Volume 13 Issue 1&2 2024 (Published Mar 27, 2024)

Download volume

Knowledge, Attitude and Practice on Adverse Drug Reactions Reporting among Pharmacists in Aden

Mohammed A. Goban, Khaled A. Zain

DOI: https://doi.org/10.47372/yjmhr.2024(13).2.6


Introduction: Once a medicine is registered and marketed, healthcare systems rely heavily on spontaneous reporting of adverse drug reactions (ADRs) to monitor the safety of drugs. ADRs reporting is considered a cornerstone of pharmacovigilance (PV) system. Underreporting has been a major obstacle and poses a great challenge to PV activities that negatively influence public health. Therefore, this study aimed to assess pharmacists' knowledge, attitude and practice toward ADRs reporting in Aden City - Yemen.

Methods: A comparative cross-sectional study was conducted during November and December 2022 in Aden city. A self-administered, pretested questionnaire- comprised of sections on pharmacists’ characteristics, knowledge of PV concepts and ADR reporting process, attitudes towards ADR reporting and practice of ADR reporting- was administered to selected community and hospital pharmacists. Data were summarized using descriptive statistics and the Pearson’s Chi-square test was used to examine the differences between both groups of pharmacists.

Results: Four hundred pharmacists participated in the study. Three quarters of them were males. About half of them correctly identified PV definition and purposes as well as ADR definition, but 38.5% and 37.8% were heard about national ADR scheme/guideline and aware of the existence of an ADR system in Yemen respectively. Only 29.3% and 10.8% showed adequate knowledge of PV concepts and ADRs reporting process respectively. The majority showed positive attitude towards PV and ADR reporting, 97.8% agreed that reporting process can benefit the public health, 94.3% contributes to drug safety and 87.3% agreed that PV should be taught in detail to health care professionals.  However, in practice, 48.3% and 41.5% of pharmacists had ever diagnosed an ADR and encountered one or more ADRs in their daily practice respectively and only 12.3% of them had ever reported an ADR. The differences between community and hospital pharmacists by their overall knowledge, attitude scores and in ADR reporting practice were statistically insignificant.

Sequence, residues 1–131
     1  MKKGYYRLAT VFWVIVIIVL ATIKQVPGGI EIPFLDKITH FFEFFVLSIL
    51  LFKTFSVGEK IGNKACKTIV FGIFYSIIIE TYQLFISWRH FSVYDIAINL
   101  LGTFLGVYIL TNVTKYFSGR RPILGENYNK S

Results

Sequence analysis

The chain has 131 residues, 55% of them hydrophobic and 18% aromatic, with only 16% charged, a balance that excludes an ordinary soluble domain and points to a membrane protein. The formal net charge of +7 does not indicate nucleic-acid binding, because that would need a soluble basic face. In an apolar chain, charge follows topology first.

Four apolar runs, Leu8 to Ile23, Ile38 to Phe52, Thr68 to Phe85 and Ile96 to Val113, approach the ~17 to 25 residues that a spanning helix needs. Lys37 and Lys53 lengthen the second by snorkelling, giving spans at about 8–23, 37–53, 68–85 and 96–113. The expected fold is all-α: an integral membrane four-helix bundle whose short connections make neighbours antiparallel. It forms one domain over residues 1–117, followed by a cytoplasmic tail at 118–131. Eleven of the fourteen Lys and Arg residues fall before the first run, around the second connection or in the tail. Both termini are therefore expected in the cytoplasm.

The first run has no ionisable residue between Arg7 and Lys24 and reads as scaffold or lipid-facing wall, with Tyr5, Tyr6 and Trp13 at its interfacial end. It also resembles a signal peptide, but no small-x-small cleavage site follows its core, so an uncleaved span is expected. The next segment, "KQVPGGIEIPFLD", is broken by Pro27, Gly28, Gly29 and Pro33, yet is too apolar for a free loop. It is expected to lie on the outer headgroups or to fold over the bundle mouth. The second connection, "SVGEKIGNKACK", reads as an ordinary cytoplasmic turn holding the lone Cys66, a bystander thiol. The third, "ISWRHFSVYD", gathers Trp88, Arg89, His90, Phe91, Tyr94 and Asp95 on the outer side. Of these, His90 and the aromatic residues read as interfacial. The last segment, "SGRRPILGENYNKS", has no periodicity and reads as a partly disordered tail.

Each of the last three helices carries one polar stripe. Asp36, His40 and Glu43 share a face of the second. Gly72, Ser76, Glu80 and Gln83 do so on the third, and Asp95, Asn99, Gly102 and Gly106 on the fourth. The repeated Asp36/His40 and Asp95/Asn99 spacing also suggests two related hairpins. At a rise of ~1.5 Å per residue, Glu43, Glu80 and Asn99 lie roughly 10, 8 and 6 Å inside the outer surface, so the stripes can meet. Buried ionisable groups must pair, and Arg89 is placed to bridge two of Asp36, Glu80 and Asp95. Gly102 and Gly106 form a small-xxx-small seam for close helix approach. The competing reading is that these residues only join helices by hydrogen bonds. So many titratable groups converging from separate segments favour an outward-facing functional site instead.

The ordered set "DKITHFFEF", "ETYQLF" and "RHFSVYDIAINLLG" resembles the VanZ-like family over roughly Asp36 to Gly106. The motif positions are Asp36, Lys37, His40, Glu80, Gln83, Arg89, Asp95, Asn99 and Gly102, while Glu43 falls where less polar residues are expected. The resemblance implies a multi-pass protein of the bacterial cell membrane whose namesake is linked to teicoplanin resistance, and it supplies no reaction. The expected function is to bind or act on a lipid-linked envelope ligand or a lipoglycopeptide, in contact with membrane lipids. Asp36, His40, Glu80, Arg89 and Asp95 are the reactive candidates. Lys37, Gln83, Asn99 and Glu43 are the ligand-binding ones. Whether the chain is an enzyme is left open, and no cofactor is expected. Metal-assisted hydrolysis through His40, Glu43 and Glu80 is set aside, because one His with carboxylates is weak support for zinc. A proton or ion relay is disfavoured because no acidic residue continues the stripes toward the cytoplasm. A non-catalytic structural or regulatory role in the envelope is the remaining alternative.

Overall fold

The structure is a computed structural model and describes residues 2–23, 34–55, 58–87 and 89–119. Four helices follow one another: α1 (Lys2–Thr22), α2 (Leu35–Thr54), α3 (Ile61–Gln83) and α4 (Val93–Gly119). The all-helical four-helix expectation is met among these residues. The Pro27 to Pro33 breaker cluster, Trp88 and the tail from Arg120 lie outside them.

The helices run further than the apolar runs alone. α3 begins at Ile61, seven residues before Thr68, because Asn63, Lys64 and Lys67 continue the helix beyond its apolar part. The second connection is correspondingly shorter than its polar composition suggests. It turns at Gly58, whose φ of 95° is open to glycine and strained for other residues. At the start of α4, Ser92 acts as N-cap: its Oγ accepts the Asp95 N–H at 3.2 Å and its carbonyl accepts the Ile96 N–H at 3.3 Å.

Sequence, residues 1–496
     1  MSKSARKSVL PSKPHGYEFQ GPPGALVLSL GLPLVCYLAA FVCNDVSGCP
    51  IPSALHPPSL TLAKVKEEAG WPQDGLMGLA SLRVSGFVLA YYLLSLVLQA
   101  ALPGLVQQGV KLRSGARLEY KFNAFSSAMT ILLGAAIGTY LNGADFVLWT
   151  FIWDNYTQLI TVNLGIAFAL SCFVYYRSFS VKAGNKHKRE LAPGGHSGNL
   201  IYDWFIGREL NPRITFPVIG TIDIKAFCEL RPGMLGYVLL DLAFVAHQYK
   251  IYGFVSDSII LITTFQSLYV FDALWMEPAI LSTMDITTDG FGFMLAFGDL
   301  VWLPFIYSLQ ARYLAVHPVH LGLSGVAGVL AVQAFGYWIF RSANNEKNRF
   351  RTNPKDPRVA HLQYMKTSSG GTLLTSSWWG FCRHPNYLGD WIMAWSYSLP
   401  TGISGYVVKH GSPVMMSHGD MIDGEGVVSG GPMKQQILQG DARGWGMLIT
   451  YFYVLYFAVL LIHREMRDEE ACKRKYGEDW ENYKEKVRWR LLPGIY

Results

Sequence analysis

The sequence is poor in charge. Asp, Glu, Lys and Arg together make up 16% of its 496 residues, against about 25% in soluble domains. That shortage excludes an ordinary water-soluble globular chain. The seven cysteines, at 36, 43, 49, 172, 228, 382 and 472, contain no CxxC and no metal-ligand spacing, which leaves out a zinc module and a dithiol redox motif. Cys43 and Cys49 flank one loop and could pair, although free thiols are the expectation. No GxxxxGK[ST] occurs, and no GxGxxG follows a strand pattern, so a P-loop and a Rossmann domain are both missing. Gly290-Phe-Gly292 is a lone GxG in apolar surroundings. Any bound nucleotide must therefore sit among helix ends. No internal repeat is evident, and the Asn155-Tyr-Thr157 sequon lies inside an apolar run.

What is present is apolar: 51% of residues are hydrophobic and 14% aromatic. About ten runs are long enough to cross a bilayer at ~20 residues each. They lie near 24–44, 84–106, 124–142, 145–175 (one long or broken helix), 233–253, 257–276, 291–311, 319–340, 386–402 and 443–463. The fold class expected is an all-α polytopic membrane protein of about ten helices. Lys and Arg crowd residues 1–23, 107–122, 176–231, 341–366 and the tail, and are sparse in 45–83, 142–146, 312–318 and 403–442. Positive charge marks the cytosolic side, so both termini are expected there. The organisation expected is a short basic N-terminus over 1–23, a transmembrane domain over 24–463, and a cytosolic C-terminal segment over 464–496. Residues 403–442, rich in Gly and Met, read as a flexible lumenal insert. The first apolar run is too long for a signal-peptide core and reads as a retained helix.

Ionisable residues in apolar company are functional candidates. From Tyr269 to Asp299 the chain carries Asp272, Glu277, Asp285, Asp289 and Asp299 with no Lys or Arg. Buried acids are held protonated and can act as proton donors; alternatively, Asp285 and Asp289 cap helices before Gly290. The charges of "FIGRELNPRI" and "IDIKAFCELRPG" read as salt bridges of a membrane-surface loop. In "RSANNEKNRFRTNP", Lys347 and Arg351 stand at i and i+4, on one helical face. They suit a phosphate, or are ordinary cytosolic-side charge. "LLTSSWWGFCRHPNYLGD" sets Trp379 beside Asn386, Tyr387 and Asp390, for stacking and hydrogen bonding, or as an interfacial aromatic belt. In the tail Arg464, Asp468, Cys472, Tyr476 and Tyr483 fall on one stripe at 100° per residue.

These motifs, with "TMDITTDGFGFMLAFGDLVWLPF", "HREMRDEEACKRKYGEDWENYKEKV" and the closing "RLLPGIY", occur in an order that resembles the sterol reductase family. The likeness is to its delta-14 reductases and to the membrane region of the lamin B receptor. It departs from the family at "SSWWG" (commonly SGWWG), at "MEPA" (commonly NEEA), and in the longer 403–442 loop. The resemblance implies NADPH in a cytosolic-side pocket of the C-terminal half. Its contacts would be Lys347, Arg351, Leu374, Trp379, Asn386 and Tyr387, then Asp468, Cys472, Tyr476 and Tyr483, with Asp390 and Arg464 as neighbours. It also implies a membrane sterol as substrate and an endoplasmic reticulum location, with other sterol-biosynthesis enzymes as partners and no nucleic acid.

Conclusion: The majority of community and hospital pharmacists had inadequate knowledge and poor practice, with a positive attitude towards ADRs reporting. Therefore, strategies to improve knowledge and practices regarding ADR reporting should be implemented. Regular mandatory education and continuous in job training should be provided to all pharmacists and others health care professionals.

Keywords: Pharmacovigilance, Awareness, Drug safety, Community pharmacists, Yemen